Immigration Stories – Kenya and Minnesota – Being Away From Home – by Jane Kariuki. The North Star Reports: Global Citizenship and Digital Literacy, at and

Immigration Stories – Kenya and Minnesota – Being Away From Home – by Jane Kariuki. The North Star Reports: Global Citizenship and Digital Literacy, at and

Without question, it is everyone’s desire to live happily or freely in a society that provides equal opportunity and a secured future either for themselves or their families. Likewise, for the better future of our family was my parent’s main reason for relocating from Kenya to Minnesota. My parents were privileged enough to apply and win the Green Card lottery. They saw this as an opportunity to advance themselves and the future of their children. After receiving the confirmation news they began the process of acquiring the rights documents that will approve them to move to the States. Both my parents describe the process as exhausting. Claiming it took years to collects all the necessary documents. Some of the difficult documents to retrieve were marriage and birth certificate. Being born and raised at small towns neither of them received a birth certificate, for such acts were uncommon. Additionally, a traditional marriage does not require a marriage certificate and they never bothered to obtain it. Therefore gaining these certificates and other documents often made them weary about the progress of migrating.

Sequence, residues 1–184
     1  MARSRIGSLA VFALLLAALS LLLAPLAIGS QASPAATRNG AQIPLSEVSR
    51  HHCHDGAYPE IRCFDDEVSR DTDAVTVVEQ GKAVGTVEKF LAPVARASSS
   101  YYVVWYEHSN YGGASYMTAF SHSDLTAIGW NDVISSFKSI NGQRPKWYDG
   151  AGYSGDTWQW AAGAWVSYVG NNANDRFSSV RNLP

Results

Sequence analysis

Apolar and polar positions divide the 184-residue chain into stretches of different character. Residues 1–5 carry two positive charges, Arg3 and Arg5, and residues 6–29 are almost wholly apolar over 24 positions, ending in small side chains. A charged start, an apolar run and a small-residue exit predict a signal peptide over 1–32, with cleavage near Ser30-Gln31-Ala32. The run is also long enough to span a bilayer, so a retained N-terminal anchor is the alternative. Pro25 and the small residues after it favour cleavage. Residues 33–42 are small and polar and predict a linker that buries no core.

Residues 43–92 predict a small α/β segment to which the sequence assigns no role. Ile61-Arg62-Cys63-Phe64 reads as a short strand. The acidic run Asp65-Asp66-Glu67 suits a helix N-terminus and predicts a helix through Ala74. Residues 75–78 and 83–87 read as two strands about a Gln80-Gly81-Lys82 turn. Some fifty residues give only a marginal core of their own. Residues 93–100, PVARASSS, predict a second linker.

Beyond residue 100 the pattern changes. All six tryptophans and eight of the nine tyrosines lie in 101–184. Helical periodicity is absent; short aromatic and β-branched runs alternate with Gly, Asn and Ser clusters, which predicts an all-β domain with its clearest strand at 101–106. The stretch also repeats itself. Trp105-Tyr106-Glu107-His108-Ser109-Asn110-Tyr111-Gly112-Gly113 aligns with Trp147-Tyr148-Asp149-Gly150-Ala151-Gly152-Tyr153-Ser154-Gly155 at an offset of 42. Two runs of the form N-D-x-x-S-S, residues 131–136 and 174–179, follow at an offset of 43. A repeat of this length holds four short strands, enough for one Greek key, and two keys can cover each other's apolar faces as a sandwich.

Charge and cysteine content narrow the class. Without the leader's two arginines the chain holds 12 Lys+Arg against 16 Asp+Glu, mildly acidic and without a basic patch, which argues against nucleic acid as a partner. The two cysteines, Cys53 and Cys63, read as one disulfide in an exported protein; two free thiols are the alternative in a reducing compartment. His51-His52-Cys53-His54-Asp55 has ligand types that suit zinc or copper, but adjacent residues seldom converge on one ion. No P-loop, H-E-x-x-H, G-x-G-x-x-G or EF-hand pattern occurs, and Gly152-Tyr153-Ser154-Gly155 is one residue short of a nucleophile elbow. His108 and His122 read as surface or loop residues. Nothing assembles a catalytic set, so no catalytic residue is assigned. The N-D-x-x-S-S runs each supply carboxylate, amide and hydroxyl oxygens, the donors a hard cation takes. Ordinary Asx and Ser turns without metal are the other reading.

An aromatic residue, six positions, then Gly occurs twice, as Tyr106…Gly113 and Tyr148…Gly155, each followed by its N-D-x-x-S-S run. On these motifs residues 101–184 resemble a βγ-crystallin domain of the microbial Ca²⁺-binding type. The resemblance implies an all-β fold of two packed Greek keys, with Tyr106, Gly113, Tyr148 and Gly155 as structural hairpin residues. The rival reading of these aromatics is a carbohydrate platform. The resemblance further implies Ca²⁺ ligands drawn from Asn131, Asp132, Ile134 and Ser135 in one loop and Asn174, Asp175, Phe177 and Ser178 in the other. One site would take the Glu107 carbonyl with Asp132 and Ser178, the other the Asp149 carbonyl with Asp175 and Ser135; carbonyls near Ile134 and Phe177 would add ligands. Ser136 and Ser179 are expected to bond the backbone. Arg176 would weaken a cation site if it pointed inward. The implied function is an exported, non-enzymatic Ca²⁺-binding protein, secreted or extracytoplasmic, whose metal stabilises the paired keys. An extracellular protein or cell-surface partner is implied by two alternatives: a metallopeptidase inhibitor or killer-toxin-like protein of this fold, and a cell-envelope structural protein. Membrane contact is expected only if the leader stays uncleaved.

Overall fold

Even though the process was burdensome they both admit it was worth it. Being at a place where they can both find jobs and send their children to school was a dream come true. After their arrival, they took time to start looking for a job and after some time they both got a job with a decent pay. Nevertheless, migrating has come with its challenges; especially the lack of fresh cultural food. The main challenge for my parents was adapting to the practice of eating refrigerated food. Coming from a background that believes in growing, harvesting and cooking their own food, they had to adjust to the commonality of purchasing food from a grocery store. My mom declares that the flavor is simply not the same, for instance, fresh greens is better than frozen. Nevertheless, they have been looking for ways to get fresh food and in the recent years they started a small garden on our backyard, planting tomatoes, and various greens.

From Professor Liang’s Fall 2018 Global Human Rights class. Jane Kariuki Peace and Justice Studies and Global Cultural and Language Studies Class of 2020.

Please contact Professor Liang if you wish to write for The North Star Reports — HLIANG (at)